While this film does bring new cards to the table, the film is not perfect. Even if he is a huge leap from Tommy Gunn (Then again, Thunderlips was a more formidable opponent), Mason Dixon is kind of forgettable. I rewatched this movie to write this review and I STILL had to look up his name. It make sense that Stallone would pick a more realistic boxer character for 2006, especially since Carl Weathers was very much a character for the 1970's (especially since Antonio Tarver is a real boxer). This film also meanders a bit. There are a few scenes that drag, and not every scene feels like it builds to the next one.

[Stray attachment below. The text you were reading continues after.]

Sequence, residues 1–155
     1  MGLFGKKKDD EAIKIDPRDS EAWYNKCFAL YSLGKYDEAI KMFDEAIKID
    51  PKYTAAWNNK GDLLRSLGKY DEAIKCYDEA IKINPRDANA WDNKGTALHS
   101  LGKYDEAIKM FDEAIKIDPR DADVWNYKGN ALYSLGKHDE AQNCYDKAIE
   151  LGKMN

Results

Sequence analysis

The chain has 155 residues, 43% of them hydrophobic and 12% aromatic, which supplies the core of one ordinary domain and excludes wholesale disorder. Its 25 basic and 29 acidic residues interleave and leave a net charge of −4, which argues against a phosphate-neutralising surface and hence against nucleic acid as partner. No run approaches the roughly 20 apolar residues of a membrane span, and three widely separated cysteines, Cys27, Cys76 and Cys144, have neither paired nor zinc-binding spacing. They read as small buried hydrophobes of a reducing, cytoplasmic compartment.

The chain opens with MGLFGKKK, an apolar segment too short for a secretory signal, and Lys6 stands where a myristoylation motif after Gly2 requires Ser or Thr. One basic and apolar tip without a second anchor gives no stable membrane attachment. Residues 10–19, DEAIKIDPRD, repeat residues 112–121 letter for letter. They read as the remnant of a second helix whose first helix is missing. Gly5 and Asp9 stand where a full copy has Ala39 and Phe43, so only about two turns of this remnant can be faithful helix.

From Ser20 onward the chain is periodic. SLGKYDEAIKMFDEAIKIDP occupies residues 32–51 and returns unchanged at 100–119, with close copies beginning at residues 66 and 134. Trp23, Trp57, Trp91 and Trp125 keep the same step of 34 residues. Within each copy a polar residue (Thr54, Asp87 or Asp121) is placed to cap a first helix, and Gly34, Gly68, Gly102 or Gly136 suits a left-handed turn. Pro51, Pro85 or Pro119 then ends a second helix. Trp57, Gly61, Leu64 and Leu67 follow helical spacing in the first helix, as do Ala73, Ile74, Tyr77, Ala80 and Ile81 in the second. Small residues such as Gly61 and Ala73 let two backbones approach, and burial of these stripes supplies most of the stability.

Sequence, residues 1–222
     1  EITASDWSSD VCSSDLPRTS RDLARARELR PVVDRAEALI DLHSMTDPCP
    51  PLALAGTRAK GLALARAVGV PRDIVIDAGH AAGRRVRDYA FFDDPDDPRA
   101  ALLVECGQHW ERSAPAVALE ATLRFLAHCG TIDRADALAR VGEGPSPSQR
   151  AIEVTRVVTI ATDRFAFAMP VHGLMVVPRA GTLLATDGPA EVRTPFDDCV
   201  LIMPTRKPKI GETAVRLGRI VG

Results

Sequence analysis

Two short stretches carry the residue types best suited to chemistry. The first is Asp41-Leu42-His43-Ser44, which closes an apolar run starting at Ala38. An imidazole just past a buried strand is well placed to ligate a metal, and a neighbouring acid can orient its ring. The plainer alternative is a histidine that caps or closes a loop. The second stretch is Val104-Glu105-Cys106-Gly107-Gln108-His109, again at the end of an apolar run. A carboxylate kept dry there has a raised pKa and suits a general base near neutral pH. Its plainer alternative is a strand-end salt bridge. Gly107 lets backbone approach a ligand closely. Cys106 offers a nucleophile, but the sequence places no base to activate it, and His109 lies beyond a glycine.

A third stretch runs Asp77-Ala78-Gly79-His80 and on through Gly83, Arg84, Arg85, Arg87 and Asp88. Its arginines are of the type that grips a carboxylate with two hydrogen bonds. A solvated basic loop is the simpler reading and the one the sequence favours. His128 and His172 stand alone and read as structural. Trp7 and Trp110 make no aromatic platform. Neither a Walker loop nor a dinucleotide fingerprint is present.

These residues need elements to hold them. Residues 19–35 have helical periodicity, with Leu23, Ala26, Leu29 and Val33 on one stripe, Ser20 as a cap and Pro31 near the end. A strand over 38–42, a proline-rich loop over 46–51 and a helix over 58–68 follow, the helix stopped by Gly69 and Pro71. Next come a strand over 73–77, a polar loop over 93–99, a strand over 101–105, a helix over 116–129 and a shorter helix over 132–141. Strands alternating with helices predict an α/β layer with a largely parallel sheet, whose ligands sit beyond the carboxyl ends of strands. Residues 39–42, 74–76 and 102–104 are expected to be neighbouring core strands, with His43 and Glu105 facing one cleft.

Also I must give a mild spoiler: The original ending has Rocky win the fight. However, Stallone decided to have Rocky lose by decision. Stallone made the right choice without question. Besides simply being more believable, this is more in tune with the original film. Plus, Rocky has a great speech about how life isn't always about winning, but surviving. So Rocky losing but still going the distance is in line with this film's own thesis statement.
As the final Rocky film - assuming you consider Creed a spinoff - Rocky Balboa is a satisfying conclusion to the series. If nothing else, it ensured Rocky V was not the final note in the series so that alone justifies this film's existence.
Overall rating: 7/10
So those are my thoughts on the Rocky series up to Creed. How will Creed stack up against these films? I hope to find out soon. Also, feel free to share your opinion and how you'd rank these films.